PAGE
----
All over the world, including in Europe, women play a unique and vital role in fixing our broken food system. The prevailing view on agriculture and food in Europe and in European institutions is limited to economics and trade. In these places (old) men in suits discuss amongst themselves and take decisions. In social movements working for the environment, development, health, agroecology and food sovereignty, women of all ages are active in various roles in equal in numbers to men, or even as a majority. Women work in urban gardens, sell at farmers’ markets, do catering, process food, they are active in debates and are often leaders in these social movements.
These women make change on a daily basis. They need to be heard and taken seriously. Food is not about short term economics and power plays. Food is about health, environment, fair development, about daily life and future generations.
European agricultural policies are now designed for big industrial farms. Women hardly benefit from this because they often have smaller and multifunctional farms. Policies should not be about the production of single crops per hectare. Current European hygiene rules make it impossible for women to sell processed food, because this regulation is designed for big industrial food processing and catering. Farmers have developed and used production and processing techniques and have been doing their own plant breeding for generations. Policies and research should support further development and use of this knowledge and include female food producers in policy making. For example, public institutions could procure products locally for example schools, hospitals, municipality offices. This would give local women involved in food production a major boost.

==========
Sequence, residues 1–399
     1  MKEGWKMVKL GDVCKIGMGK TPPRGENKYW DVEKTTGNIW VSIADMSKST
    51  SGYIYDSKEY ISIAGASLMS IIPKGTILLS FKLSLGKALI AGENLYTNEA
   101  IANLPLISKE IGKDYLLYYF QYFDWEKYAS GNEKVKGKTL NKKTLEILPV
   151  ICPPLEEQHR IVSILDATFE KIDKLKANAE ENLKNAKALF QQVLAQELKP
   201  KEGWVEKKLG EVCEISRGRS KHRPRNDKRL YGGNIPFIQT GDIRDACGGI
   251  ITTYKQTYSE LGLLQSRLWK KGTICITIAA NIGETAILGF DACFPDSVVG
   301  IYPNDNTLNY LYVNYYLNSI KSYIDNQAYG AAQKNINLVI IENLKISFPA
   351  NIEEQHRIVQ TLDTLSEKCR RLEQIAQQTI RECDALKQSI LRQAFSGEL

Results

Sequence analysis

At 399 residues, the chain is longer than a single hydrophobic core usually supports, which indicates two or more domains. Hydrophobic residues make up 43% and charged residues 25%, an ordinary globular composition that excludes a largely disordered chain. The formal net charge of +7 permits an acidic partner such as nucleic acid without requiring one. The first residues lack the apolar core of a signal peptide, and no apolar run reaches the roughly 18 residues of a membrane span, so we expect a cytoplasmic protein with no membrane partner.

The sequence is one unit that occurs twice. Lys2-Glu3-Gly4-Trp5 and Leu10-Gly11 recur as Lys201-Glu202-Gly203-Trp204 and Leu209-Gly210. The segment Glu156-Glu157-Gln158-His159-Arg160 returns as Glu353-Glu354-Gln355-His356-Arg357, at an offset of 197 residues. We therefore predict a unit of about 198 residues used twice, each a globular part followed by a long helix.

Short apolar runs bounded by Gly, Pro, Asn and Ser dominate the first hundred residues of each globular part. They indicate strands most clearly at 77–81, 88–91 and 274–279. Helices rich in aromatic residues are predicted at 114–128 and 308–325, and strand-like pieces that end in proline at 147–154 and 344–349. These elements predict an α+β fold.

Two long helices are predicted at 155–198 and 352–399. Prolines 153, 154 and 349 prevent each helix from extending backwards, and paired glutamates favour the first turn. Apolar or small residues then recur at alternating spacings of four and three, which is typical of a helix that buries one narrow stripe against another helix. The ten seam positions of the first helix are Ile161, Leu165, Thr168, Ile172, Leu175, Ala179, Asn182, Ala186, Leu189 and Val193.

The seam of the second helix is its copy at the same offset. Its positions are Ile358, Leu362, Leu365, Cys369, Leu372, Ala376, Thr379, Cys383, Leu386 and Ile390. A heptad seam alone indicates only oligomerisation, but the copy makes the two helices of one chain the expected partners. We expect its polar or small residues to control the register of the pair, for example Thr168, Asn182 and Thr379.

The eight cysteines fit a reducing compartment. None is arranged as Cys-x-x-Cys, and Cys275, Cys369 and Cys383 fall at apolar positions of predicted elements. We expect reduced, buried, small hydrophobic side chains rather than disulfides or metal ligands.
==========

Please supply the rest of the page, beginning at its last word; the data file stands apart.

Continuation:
There is a strong need in Europe to strengthen women farmers in their work, through education and training and through more supportive policies. Women farmers need access to markets, and access to land, and they need to be able to exchange seeds freely so they can have equal chances and their own, independent role in society. This way they can reclaim their historical space in food production and play a major role in ensuring adequate and nutritious food for everyone, while taking care of our future.
Hanny van Geel (Hanny@eurovia.org) is a member of the Dutch Arable Farmers’ Union (NAV), of the European Coordination of La Via Campesina and of the Dutch Voedsel Anders collective
This column was first published in Farming Matters, December 2015